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HomeTrading NewsTreasury yields are flat as traders weigh Fed minutes

Treasury yields are flat as traders weigh Fed minutes

U.S. Treasury yields fell on Thursday morning, as investors digested the latest Federal Reserve meeting minutes.

The yield on the benchmark 10-year Treasury note ebbed 3 basis points to 2.7165% at 3:45 a.m. ET. The yield on the 30-year Treasury bond moved 2 basis points lower to 2.9412%. Yields move inversely to prices and 1 basis point is equal to 0.01%.

Treasurys

The Fed released the minutes from its May meeting on Wednesday afternoon, which indicated that the central bank was prepared to go ahead with multiple 50-basis-point interest rate increases, potentially going further than the market expected.

The Federal Open Market Committee also said that the central bank may move past its “neutral” policy stance into “restrictive” territory.

Yogi Dewan, CEO and founder at Hassium Asset Management, told CNBC’s “Squawk Box Europe” on Thursday that the Fed minutes were “much less hawkish than the market was expecting and we’ve always seen Fed rate hike expectations as overstated.”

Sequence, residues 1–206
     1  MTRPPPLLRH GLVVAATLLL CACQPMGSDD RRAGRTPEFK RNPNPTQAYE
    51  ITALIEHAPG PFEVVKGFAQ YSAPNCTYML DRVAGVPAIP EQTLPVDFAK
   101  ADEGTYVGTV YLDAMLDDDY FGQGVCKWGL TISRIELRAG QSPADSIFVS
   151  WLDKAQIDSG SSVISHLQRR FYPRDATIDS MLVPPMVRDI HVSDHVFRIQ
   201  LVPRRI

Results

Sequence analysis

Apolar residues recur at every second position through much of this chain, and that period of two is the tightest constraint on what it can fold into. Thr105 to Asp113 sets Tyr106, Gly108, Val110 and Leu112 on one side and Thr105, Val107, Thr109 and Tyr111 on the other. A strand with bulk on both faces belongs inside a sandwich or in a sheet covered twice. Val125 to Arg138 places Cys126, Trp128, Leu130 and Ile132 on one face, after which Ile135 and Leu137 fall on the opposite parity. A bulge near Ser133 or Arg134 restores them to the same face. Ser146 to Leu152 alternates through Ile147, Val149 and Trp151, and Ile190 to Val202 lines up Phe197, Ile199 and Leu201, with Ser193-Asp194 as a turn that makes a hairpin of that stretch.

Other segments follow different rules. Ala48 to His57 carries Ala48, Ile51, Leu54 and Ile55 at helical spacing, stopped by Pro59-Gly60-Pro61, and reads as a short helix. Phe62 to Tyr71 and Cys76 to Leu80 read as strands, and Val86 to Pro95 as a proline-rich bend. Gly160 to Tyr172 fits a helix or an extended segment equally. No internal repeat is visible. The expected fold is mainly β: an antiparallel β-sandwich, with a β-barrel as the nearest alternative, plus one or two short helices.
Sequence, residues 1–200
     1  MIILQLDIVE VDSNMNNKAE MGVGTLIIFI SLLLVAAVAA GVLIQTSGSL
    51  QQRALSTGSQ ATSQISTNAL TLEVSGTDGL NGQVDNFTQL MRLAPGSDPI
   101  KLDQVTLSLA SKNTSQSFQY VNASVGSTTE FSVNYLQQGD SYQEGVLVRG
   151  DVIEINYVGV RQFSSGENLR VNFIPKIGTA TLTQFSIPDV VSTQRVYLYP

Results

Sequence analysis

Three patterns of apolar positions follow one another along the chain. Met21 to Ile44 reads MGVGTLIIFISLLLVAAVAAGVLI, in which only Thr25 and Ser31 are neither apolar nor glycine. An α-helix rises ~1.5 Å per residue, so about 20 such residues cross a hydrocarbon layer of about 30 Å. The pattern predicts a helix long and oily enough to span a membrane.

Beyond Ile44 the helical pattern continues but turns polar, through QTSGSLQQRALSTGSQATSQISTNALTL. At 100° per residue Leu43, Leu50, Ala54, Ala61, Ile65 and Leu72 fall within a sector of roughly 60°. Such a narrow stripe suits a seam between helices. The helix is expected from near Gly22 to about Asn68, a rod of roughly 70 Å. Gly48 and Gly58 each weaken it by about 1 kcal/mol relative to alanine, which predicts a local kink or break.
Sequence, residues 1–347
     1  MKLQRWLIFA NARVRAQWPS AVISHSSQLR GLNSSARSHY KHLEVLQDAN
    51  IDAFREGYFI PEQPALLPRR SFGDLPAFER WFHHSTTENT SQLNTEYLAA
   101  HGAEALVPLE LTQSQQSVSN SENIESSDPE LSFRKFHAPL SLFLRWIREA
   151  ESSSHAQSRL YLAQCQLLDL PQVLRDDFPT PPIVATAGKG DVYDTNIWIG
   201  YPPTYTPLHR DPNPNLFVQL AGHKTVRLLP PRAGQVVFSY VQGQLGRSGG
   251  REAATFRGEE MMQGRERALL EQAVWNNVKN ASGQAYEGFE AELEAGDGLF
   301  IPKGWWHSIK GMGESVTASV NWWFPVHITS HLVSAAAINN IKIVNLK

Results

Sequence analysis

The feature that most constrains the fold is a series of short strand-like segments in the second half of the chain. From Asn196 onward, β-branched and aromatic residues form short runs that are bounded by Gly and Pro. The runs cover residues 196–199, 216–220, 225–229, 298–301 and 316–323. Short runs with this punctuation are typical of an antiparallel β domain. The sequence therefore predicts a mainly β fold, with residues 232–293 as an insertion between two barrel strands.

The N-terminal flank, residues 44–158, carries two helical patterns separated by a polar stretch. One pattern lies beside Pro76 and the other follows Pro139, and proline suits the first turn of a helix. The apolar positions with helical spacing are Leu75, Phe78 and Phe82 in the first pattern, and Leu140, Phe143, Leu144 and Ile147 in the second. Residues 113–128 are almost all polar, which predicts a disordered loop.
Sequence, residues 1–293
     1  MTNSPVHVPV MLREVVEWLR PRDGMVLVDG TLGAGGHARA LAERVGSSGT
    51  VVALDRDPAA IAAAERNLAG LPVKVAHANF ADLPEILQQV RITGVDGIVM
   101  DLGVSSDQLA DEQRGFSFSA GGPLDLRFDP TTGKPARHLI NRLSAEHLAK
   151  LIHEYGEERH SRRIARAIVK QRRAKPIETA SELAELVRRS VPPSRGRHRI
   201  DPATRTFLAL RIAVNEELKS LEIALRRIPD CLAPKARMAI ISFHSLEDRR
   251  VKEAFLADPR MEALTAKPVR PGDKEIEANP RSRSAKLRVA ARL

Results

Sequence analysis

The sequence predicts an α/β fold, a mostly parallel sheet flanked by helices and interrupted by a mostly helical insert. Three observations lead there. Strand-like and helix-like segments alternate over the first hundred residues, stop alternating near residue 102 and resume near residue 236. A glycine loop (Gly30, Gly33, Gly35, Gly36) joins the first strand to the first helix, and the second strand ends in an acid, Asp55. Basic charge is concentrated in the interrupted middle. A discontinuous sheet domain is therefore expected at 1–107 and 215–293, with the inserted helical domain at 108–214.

For this reason, Dewan said his firm anticipated fewer rate hikes on the back of economic growth slowing but noted that “the problem is you haven’t got the economic data in front of you to justify that yet [in terms of how] it will play out over the next three to six months.”

Treasury yields on Wednesday saw little movement following the release of the minutes, while U.S. stocks moved higher.

However, disappointing earnings updates from key technology companies has dragged on markets this week, fueling concerns about a slowdown in economic growth.

On Thursday, a second estimate of U.S. gross domestic product growth for the first quarter is due out at 8:30 a.m. ET.

The number of jobless claims filed during the week ended May 21 is also set to come out at 8:30 a.m. ET.

April’s pending home sales data is slated for release at 10 a.m. ET.

Auctions are scheduled to be held on Thursday for $35 billion of 4-week bills, $30 billion of 8-week and $42 billion of 7-year notes.

CNBC’s Jeff Cox contributed to this market report.

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